Consensus emerged.  It was not prescribed.

This is not to say other metrics have no value, but they can be the basis of their own awards.  (The Prometheus Award is candidly given to work of a political viewpoint, libertarianism.  It would be absurd for a group to try to hijack it based on the argument that socialism is underrepresented by it.)  But even then, there is this knotty question of quality.

Here’s the thorny question for advocates of predetermined viewpoints: if an artist does the work honestly, truthfully, it is likely that the confines of manifesto-driven movements will become oppressive and that artist will do work that, eventually, no longer fits within those limits.  To complain that the resulting work is “bad” because it no longer adheres to the expectations of that group is as wrongheaded as declaring a work “good” because it does tow the proper line.

Because that line has nothing to do with quality.  It may go to taste.  It certainly has little to do with truth.

Sword, Double-Edged, Metaphorical Steel

I finished reading Ann Leckie’s Ancillary Sword weeks ago and have been turning it over in my mind ever since trying to decide on the best way to talk about it.  As sequel to her surprisingly popular Ancillary Justice, it is exceptional and unexpected.  Yes, it carries forward the story of Breq, the lone surviving aspect of what was once a vast AI, a ship possessing a cadre of ancillaries which formed the extensible components of its intelligence.  Yes, it continues on with an examination of the universe she established and the civil war that is in the process of breaking out.  Yes, we find a continuation of many of the narrative devices and their concomitant concerns.

No, it does not actually go where one might expect such a sequel to go.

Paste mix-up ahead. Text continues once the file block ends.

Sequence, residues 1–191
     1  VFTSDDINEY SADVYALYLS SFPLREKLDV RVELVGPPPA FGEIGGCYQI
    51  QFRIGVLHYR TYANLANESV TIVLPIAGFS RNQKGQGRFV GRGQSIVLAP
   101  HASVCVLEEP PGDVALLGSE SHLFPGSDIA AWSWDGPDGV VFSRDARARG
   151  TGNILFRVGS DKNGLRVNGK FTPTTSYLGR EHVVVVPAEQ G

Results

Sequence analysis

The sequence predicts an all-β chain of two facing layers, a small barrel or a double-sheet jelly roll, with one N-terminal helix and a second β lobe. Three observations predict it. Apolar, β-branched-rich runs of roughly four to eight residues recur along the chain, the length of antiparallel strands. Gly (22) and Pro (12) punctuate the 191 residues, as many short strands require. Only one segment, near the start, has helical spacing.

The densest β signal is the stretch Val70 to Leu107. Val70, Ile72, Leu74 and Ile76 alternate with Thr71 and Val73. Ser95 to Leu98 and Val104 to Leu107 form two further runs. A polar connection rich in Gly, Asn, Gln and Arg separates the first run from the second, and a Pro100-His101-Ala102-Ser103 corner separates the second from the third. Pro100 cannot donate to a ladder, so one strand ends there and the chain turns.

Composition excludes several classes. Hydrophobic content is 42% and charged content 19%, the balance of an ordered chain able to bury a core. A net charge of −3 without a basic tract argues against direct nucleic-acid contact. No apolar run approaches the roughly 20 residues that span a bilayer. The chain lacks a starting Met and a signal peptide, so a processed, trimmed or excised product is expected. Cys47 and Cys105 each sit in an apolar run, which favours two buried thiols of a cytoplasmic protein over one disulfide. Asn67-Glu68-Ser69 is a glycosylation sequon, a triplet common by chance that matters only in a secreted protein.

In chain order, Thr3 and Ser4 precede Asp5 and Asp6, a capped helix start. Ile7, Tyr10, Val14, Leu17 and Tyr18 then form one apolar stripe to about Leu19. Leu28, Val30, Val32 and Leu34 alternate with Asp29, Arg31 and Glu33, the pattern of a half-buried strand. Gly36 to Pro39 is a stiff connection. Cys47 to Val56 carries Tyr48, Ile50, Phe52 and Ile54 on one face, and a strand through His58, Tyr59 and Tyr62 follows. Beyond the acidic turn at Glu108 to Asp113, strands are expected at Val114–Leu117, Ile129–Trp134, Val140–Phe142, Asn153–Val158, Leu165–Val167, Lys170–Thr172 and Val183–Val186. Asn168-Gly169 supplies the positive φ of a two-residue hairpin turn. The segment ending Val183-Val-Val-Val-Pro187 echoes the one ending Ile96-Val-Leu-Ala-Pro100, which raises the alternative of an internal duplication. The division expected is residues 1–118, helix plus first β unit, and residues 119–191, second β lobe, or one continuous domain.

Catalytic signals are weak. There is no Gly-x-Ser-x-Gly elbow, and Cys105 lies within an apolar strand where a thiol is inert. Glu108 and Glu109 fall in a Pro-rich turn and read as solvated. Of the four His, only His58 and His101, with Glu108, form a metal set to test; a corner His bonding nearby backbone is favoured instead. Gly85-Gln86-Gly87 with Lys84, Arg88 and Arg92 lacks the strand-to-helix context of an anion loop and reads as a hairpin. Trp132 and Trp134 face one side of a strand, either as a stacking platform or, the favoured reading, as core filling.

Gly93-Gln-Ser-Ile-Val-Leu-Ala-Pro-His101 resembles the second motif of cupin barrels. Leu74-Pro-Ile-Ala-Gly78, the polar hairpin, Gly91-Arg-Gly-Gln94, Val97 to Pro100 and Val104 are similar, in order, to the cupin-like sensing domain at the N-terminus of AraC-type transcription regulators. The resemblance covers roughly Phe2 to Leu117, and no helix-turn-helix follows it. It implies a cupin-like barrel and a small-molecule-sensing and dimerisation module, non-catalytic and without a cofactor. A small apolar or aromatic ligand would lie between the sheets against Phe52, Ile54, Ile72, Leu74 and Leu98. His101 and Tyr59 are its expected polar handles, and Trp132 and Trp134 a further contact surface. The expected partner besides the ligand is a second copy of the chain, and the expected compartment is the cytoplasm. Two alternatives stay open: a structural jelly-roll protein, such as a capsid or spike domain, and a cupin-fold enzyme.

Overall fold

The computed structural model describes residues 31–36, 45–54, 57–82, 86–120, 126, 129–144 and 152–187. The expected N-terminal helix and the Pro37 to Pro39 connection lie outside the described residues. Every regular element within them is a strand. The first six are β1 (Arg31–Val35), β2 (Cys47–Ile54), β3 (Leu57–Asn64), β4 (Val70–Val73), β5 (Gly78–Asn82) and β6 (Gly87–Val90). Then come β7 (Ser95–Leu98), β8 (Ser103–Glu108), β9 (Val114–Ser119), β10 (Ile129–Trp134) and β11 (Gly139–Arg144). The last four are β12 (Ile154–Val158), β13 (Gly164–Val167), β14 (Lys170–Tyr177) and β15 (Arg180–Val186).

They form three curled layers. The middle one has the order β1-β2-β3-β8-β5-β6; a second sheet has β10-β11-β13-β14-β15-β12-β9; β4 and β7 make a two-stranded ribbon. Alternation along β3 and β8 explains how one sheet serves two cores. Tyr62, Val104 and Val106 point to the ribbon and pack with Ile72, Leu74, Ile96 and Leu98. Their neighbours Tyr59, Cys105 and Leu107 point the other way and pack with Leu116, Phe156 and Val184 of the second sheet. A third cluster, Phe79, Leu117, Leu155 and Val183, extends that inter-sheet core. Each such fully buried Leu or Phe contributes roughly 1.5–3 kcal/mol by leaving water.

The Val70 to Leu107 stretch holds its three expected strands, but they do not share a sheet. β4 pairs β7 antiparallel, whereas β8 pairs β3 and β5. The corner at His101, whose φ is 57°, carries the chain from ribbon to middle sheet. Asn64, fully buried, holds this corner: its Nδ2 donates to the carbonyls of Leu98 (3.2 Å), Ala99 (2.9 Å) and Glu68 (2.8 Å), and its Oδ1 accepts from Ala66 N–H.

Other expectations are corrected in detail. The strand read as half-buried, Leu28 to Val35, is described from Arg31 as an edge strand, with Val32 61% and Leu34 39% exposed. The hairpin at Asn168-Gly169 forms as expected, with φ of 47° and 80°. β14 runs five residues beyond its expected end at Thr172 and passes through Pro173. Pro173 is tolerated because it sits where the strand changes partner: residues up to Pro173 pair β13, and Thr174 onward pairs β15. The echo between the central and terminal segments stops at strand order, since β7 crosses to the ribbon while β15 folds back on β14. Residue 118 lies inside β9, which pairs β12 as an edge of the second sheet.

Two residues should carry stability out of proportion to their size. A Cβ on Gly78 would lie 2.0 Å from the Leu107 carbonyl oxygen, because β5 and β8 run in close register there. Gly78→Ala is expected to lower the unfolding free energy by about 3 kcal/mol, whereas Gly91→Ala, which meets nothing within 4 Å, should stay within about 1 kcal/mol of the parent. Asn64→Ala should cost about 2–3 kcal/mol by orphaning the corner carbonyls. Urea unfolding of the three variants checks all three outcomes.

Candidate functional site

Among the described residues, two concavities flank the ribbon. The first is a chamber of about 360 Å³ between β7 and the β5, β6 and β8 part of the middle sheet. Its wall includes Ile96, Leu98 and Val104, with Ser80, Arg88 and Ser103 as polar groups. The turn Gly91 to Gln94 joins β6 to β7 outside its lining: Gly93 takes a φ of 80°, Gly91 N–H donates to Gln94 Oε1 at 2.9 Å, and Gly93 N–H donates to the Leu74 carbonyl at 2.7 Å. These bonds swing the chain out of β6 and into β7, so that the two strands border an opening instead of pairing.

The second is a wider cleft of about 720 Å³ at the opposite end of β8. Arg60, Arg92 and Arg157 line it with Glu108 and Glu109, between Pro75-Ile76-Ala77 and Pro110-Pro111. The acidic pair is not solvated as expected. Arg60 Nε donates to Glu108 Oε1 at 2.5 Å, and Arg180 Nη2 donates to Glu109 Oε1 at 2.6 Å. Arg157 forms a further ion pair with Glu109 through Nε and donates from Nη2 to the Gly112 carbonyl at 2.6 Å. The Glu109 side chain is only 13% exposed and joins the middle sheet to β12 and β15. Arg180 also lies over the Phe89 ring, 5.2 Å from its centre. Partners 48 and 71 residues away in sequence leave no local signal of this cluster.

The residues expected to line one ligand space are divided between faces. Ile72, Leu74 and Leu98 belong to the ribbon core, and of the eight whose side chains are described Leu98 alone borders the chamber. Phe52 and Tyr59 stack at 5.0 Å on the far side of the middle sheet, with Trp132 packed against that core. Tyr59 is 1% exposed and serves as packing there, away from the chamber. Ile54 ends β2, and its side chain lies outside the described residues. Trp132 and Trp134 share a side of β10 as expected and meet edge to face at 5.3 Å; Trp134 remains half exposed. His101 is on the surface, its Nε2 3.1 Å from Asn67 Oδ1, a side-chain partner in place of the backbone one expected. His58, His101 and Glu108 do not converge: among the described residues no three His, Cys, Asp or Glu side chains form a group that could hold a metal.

This begs the question of expectations, however, which also has to do with whether or not art is obligated to meet specific expectations.  Surprise, after all, is supposed to be one of the chief pleasures of art.  The surprise of the new, of discovery, of revelation.

That Leckie’s sequel does not bend to the predictable is a good thing.  That it then takes us to another level of questioning not only the premise of the work but of our own civilization is a bonus.  That it does this so well is triumph.

Which brings me to my entreé into this review, because going where one might not expect is part of the overall pleasure of this series, which has at least one more novel to come, but clearly offers possibilities for satellite works if not direct continuations.

One of Leckie’s tactics has been to replace the male pronoun with the female throughout.  A simple change, designating all people as “she” and “her” rather than “he” and “his” without venturing upon the complications of actual gender transformations.  A simple change…but with apparently complex consequences for readers.

You wouldn’t think, among self-identified science fictions readers, such a modification would have significant effects.  We should all be used to shifts in perspective.  Writing about the alien, after all, is what a good deal of SF is all about.  We have even grown accustomed to the idea of the familiar being alien, so much so that tales of possession, of cyborgs, of cloning, of genetic modification, even of next-stage evolution are part and parcel of the idiom with which we’ve been dealing for decades.  Yet somehow, it seems, the idea of a human possessed by an alien or an alien masquerading as a human is far more decodeable for some than of the human in all its familiarity being alien.

We write from the basis of the culture with which we are most familiar.  More importantly, we read on the basis of that culture.  For or against or across, our culture, whether we like it or not, supplies the language, the metaphors, the analogies, the foundations of how we perceive all that we encounter.  Science fiction has been one of the most consistent forms of turning that foundation upside down and inside out in the pursuit of its primary effects—cognitive dissonance among them.